Development of a Mature Giant Offshore Oil Field
- J.R. Lantz (Amoco Production Co.) | Nazir Ali (Amoco Production Co.)
- Document ID
- Society of Petroleum Engineers
- Journal of Petroleum Technology
- Publication Date
- April 1991
- Document Type
- Journal Paper
- 392 - 454
- 1991. Society of Petroleum Engineers
- 1.2.3 Rock properties, 5.1.4 Petrology, 5.4.1 Waterflooding, 5.1 Reservoir Characterisation, 1.6 Drilling Operations, 3.1.6 Gas Lift, 5.7 Reserves Evaluation, 2.2.2 Perforating, 5.2.1 Phase Behavior and PVT Measurements, 4.1.2 Separation and Treating, 5.5.8 History Matching, 5.5.2 Core Analysis, 4.1.5 Processing Equipment, 5.1.1 Exploration, Development, Structural Geology, 5.1.2 Faults and Fracture Characterisation, 4.2.3 Materials and Corrosion, 4.3.4 Scale, 5.5 Reservoir Simulation, 2.4.5 Gravel pack design & evaluation, 5.3.4 Reduction of Residual Oil Saturation, 5.1.5 Geologic Modeling, 1.14 Casing and Cementing, 2.4.3 Sand/Solids Control
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The Teak field, a mature oil field offshore southeast Trinidad, has produced266 million bbl oil since 1972. Production is from Pliocene sandstonereservoirs in a Pliocene sandstone reservoirs in a complexly faulted anticline.This paper summarizes the history and geology of Teak field, describes itsoil-producing reservoirs, and discusses the mature-field development strategyused since 1988, including case histories of two 1989 developmentprospects.
The Teak field, the fourth largest oil field in Trinidad, is located 25miles off the south-east coast of the island in 190 ft of water (Fig. 1).Discovered by Amoco Production Co. in 1969, Teak has produced 266 million bblof oil and 1.1 trillion scf of gas from 1972 through 1990. Teak is a mature oilfield with significant depletion after its first 19 years of production.Despite a steep natural decline rate of 25%/yr, the field has respondedfavorably to renewed development drilling since 1989. A steady downward trendin production rate reversed, and the field achieved its highest rate in almost5 years in July 1990. A primary factor in the reversal of the decline rate wasa deliberate multidisciplinary team approach to reservoir development.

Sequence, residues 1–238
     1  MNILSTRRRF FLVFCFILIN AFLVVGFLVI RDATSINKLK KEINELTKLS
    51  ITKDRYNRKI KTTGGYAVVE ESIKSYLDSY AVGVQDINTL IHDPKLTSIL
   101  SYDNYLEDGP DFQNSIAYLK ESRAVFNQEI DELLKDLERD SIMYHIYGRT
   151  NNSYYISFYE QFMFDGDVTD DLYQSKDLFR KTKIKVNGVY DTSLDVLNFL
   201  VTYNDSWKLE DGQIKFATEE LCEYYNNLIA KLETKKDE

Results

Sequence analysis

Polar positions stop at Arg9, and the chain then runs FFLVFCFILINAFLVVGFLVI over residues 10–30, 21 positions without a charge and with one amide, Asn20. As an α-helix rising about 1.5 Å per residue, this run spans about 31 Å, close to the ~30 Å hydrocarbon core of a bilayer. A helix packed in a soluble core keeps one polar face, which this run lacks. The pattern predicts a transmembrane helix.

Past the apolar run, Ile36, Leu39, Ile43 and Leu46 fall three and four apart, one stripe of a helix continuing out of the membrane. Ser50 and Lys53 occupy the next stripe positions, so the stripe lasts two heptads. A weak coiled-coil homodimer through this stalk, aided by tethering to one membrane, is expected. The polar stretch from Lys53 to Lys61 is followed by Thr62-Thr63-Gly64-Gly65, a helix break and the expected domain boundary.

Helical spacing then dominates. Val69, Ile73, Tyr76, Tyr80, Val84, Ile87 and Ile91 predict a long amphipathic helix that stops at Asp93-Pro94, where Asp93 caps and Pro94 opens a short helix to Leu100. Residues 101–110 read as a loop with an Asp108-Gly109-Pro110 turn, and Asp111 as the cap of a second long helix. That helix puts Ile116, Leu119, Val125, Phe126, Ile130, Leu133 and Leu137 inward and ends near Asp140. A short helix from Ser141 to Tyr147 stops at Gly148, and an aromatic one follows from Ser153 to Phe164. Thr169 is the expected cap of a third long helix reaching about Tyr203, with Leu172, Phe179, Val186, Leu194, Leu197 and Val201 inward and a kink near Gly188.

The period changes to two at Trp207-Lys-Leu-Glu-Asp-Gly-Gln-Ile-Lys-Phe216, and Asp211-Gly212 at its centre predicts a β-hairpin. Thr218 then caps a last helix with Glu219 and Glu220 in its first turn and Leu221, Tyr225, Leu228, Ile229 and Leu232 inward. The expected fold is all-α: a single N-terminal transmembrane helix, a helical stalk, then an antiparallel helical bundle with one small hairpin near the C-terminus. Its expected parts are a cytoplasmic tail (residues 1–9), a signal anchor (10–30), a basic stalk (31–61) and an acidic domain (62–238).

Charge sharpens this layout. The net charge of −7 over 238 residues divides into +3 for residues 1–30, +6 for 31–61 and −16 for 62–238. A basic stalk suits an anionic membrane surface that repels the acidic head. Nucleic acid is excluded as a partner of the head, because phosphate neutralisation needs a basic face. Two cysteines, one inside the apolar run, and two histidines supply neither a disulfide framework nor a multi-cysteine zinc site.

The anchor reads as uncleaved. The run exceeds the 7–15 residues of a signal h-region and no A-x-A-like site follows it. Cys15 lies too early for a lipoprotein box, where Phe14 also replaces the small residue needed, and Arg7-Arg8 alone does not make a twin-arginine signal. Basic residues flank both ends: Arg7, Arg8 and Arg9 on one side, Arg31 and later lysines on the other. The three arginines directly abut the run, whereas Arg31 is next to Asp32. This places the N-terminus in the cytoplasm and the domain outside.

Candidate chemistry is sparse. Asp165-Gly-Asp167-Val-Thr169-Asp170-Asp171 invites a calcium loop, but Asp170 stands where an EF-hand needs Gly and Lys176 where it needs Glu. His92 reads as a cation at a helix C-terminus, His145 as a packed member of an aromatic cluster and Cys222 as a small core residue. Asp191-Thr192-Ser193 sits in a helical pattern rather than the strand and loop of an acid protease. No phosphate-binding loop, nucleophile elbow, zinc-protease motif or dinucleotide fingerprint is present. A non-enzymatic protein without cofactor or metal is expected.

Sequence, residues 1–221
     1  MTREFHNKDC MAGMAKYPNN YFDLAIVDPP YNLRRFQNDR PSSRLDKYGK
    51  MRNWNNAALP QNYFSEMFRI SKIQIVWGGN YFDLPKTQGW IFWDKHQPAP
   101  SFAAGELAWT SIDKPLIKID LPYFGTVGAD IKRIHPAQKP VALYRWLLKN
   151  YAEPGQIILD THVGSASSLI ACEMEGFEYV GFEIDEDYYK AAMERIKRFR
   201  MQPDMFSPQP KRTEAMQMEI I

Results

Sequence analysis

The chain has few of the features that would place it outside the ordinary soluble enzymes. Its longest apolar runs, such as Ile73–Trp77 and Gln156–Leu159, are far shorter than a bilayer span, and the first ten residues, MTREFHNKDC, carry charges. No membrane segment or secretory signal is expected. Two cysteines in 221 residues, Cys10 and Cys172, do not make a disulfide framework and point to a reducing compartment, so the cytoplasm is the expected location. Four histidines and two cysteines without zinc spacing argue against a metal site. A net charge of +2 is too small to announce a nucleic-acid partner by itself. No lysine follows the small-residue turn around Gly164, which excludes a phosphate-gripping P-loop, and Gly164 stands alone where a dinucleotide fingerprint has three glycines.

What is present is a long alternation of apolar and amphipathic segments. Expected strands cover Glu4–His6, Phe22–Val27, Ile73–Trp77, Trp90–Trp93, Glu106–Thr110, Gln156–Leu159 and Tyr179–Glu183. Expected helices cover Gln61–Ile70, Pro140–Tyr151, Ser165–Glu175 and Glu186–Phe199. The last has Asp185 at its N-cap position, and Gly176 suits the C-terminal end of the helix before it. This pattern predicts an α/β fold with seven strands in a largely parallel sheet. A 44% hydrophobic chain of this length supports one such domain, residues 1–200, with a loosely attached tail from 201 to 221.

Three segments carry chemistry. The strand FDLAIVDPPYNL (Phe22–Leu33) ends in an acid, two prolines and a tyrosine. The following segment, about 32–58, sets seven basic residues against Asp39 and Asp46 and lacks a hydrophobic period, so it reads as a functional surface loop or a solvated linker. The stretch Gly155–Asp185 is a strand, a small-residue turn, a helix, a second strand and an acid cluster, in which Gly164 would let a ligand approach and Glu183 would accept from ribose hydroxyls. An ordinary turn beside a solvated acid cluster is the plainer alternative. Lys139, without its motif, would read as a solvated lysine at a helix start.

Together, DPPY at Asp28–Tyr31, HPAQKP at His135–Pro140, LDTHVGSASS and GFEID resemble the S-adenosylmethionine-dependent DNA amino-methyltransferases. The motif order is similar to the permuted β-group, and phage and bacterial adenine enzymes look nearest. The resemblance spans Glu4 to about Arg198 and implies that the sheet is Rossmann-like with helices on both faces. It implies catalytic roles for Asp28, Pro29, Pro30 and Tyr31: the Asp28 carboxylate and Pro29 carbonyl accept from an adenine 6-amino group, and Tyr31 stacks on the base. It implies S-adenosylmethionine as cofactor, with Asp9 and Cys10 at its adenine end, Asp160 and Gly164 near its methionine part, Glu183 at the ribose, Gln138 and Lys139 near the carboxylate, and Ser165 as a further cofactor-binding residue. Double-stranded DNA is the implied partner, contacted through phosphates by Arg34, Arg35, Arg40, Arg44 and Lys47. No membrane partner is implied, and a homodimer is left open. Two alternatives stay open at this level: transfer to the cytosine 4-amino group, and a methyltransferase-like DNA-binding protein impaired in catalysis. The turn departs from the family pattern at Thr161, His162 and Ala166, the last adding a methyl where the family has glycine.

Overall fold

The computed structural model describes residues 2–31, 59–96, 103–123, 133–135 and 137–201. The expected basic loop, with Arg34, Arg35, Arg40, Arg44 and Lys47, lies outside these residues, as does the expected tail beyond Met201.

Structural Setting. The Teak field is located in a regionalcompressional-wrench terrain about 40 miles south of the current Caribbean andSouth American plate boundary along the El Pilar fault (Fig. 1). The fieldproduces hydrocarbons from Pliocene sandstones from 4,000 to 14,000 ft belowsea level. Hydrocarbons are trapped in a steep anticlinal structure along aneast/west-trending compressional ridge bisected by a large fault (Fig. 2). Thisfault dips east-northeast at 35 to 45 degrees, with vertical offset of 2,000 to3,000 ft, splitting the field into two separate hydrocarbon accumulations: oiltrapped to the west on the upthrown side of the fault and gas trapped to theeast on the downthrown side of the fault. In addition to normal offset, Fault Fexhibits left-lateral wrenching, indicated by displacement of the downthrownstructural crest about 1 mile north of the upthrown crest. This paper focusesprimarily on the upthrown oil reservoirs, which are arranged as stackedthree-way closures behind the major sealing Fault F and are between 4,000 and12,000 ft subsea (ss) (Fig. 3), informally called the Teak A-C-E field. TheTeak structure is characterized by fairly steep bed dips that average 10degrees and steepen locally to more than 30 degrees. Bed dips are locallyvariable in both direction and magnitude. The structural geometry iscomplicated by myriad cross-cutting normal faults that segment the field intonumerous compartments. The oil accumulation up-thrown to Fault F is separatedinto two major fault blocks by Fault F (800 to 1,500 ft vertical offset) andseveral minor fault blocks. About 90% of the Teak field oil produced to datehas been trapped upthrown to both Faults F and F2, although deeper reservoirshave been (discovered and produced between these faults.
Stratigraphy and Petrology. Teak oil reservoirs span an 8,700-ft-thickstratigraphic section in the Pliocene that contains approximately 60 % sand and40 % shale. Teak sands are typically very fine-grained (from 0.06 to 0.12 mm ingrain size) and extremely well-sorted, and average more than 90% quartz withlittle or no visible cement. Porosities average 27 to 33%. Teak shalesPorosities average 27 to 33%. Teak shales exhibit a variable resistivity andgamma ray log response, unlike clean shales typical of the U.S. Gulf of Mexico.Shale lithologies vary from argillaceous shales to arenaceous mudstones, andtextures vary from soft to well-indurated and phyllitic. Oil-producing sandsexhibit no appreciable stratigraphic thickness variation across theoil-productive area. The Pliocene producing section is 10 to 20% thicker on thedownthrown side of Fault F, but individual sands maintain an excellentcorrelation across the field. The environment of deposition for the Pliocenesands is probably a broad, shallow Pliocene sands is probably a broad, shallowmarine shelf proximal to the Orinoco delta, where strong, steady coastalcurrents provided a uniform energy regime.
Reservoir and Fluid Parameters. High-quality crude oil, 27 to 33 degreesAPI, has been produced from 17 different sandstone reservoirs (Fig. 3 and Table1). Individual sands vary from 10 to 440 ft in thickness. Sand porosities rangefrom 18 to 33%, decreasing slightly with depth. Initial water saturationsaverage 25%, with residual oil saturation of 20%. Hydrocarbon columns rangefrom 170 to 900 ft of oil with thin gas caps.
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